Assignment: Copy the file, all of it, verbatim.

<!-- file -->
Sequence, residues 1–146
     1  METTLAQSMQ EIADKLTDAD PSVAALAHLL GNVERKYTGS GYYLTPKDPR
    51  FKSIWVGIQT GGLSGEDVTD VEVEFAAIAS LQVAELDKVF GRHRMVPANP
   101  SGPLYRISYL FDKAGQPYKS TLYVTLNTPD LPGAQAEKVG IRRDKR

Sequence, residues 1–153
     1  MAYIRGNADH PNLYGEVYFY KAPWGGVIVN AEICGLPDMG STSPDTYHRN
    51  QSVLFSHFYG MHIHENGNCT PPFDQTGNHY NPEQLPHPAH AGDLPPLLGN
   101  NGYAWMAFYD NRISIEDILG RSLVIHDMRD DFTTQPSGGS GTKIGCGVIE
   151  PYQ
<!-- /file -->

Sequence, residues 1–146
     1  METTLAQSMQ EIADKLTDAD PSVAALAHLL GNVERKYTGS GYYLTPKDPR
    51  FKSIWVGIQT GGLSGEDVTD VEVEFAAIAS LQVAELDKVF GRHRMVPANP
   101  SGPLYRISYL FDKAGQPYKS TLYVTLNTPD LPGAQAEKVG IRRDKR

Sequence, residues 1–153
     1  MAYIRGNADH PNLYGEVYFY KAPWGGVIVN AEICGLPDMG STSPDTYHRN
    51  QSVLFSHFYG MHIHENGNCT PPFDQTGNHY NPEQLPHPAH AGDLPPLLGN
   101  NGYAWMAFYD NRISIEDILG RSLVIHDMRD DFTTQPSGGS GTKIGCGVIE
   151  PYQ